3. Great story. I have, once or twice, been in a conversation with someone younger, and will mention something from back in the olden days, and the lovely young person will just look at me, and mention that it was before they were born. At least I’ve been able to make the switch from “albums” to cds.
    A stripper, huh? Very interesting!!

  4. I used to work in a call center where most of my co-workers were half my age…I was kind of like a “surrogate mom” a lot of the time…

    A male stripper? Reminds me of the time a bunch of my college girlfriends and I went to the Chippendales show (male strippers)…I think we spent the entire show laughing! It wasn’t sexy at all…

    Hugs,
    Wendy

    1. Thanks so much, kim. And it’s true – my assumptions about the true content are usually wrong. They certainly were this time. And you’re right – the possibilities are very exciting.

  5. Loved the story Sunshine. One of my favorite things to do when eating out is to imagine a story that goes with the other diners. Where they are from, where they are going, what do they do, are they married and for how long???etc.

    I went to a Chippendale show when I was in college with friends…not impressed and mostly laughed out of embarrassment.

  6. hahahaha! that is so funny! i can just imagine your friend in front of me, turning around to spill all. i had a friend like that at university 😉

    i currently stay in cape town and just started a blog, it’ll be about observatory, the suburb i moved to recently. maybe you’ll like to revisit your old town sometime 😉

    groete

    1. Thanks for coming by, and for commenting! Glad you can relate to my friend – it was very funny!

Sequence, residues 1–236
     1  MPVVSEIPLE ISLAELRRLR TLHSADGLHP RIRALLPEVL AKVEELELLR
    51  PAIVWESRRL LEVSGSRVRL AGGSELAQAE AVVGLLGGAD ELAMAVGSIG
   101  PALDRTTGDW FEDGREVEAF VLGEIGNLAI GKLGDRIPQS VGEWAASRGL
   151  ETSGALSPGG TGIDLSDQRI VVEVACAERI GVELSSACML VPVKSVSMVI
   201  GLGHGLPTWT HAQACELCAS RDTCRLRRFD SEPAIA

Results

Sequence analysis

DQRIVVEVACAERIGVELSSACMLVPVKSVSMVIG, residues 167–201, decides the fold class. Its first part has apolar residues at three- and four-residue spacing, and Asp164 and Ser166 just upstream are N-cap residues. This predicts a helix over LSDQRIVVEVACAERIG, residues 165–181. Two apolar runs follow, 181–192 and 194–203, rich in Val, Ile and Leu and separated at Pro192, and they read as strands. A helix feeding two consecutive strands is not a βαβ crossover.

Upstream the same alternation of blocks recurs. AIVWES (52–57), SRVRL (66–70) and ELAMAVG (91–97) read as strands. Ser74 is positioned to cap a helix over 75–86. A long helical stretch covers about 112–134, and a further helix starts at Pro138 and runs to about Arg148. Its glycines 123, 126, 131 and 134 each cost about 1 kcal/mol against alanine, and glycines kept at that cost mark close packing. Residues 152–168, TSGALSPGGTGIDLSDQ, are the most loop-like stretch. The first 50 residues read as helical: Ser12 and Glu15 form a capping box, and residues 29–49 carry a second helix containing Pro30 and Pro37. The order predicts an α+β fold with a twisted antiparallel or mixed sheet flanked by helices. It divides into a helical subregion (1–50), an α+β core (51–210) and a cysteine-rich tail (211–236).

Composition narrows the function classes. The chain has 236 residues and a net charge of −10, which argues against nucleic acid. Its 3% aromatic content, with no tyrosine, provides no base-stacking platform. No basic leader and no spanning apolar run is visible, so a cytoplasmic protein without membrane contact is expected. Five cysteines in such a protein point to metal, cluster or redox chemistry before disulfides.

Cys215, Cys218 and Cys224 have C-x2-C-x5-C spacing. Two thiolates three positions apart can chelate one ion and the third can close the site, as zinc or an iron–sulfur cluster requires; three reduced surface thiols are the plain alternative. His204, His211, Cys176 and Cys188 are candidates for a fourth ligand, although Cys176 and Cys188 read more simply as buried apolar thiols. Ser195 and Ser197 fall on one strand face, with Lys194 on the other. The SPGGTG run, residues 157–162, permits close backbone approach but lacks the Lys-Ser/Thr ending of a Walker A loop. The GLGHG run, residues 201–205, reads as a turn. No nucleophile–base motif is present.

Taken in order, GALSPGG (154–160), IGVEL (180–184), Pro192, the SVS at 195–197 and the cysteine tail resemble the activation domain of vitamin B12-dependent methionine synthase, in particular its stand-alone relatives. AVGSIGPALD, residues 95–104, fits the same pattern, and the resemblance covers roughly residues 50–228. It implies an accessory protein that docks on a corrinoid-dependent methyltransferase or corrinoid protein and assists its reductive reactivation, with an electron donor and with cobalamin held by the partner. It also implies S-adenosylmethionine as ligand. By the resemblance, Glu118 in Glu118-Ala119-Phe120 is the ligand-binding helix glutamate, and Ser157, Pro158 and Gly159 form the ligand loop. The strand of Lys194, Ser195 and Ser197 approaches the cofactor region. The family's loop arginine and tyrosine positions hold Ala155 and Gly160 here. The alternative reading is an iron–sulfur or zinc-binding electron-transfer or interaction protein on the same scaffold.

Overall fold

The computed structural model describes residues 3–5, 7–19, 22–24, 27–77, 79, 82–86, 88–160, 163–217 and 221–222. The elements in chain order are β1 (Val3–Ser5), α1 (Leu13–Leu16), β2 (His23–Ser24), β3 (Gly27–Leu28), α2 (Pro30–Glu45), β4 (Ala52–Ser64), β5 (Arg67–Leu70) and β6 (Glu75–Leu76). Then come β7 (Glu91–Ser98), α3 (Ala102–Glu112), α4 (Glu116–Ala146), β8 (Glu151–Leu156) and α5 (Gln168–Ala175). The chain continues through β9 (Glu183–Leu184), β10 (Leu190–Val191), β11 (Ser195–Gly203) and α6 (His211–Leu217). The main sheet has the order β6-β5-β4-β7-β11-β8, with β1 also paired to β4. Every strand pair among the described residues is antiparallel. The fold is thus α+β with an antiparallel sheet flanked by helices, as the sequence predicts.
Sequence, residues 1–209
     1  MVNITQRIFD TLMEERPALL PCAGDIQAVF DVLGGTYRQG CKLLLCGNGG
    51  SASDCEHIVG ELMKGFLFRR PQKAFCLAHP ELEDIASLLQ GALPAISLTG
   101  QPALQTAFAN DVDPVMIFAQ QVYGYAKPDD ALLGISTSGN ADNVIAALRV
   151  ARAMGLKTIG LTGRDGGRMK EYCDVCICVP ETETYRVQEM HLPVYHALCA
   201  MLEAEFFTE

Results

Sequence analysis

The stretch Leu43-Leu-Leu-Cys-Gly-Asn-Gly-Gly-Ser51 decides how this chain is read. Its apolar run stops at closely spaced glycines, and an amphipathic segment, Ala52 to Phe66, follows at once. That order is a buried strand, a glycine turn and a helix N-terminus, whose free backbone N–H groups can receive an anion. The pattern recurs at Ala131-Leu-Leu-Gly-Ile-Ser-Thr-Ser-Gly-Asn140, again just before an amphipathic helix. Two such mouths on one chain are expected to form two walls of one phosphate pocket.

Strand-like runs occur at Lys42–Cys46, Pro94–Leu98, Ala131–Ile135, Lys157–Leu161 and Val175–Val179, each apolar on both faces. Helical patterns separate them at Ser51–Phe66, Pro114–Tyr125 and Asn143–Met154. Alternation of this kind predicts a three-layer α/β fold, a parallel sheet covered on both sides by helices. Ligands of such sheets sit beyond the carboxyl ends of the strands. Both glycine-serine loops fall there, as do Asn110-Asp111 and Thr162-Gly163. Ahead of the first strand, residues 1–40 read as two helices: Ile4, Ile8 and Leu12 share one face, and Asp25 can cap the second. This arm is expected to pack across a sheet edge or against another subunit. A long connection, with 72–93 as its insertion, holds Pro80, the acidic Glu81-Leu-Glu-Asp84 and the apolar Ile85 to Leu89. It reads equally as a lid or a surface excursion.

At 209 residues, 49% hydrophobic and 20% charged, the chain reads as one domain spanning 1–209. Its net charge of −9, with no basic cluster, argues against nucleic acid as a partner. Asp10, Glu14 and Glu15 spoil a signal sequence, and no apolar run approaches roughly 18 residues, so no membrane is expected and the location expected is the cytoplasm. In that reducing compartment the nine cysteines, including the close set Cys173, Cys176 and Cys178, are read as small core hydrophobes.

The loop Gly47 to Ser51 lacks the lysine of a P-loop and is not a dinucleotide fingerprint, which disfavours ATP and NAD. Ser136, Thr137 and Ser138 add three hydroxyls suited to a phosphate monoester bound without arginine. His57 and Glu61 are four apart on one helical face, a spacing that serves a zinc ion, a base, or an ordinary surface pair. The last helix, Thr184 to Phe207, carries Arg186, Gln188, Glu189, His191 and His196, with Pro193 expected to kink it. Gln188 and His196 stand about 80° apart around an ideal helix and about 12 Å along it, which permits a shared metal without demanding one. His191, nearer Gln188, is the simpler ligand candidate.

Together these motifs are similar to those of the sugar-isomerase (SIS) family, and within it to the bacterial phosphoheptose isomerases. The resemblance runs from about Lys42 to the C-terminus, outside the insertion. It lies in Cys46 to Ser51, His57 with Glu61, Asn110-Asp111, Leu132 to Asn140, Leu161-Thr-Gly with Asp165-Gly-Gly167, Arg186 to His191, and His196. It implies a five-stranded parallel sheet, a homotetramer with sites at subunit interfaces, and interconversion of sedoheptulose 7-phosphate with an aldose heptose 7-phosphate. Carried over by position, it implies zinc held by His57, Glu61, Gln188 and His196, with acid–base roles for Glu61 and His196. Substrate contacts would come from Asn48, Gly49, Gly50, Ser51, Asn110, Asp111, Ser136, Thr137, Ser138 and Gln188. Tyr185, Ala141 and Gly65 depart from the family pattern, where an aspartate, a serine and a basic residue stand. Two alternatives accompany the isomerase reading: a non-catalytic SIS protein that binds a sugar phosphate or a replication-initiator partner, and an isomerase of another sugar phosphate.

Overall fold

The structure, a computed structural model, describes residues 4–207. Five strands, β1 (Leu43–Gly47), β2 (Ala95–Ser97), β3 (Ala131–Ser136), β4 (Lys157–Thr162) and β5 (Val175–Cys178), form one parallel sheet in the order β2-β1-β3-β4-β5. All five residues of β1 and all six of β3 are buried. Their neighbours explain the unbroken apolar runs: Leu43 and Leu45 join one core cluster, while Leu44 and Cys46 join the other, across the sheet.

I know Observatory well – and we are going to be revisiting our home town very soon – can’t wait!
      I look forward to checking out your blog. Groete to you too.

  7. Sunshine, you never, ever fail to entertain – brilliant story.
    And now: have you enquired as to the office cleaner’s day job? I am on the edge of my seat to find out…

  8. I love the ‘cast your mind back to 1978!’ That was the year I moved to London. Later, as I approached thirty, I went back to school when I was pregnant with my daughter; I remember sitting in the classroom feeling baby kicks, while being surrounded by eighteen-year olds.
    Great story!

    1. Thank you so much! I’m glad you could relate … isn’t it a funny thing, studying alongside people who are just students when you have a family?
      Thanks so much for coming by.

  9. I really enjoyed reading this post. I too can relate to this story-as this granny can see the humor in having these similar conversations with younger men-it sure makes for sharing laughs and great conversation.
    Male stripper ! ummmm ! Chippendales are sure good on the eyes !! and adds some humor for our fantasy imagination !!!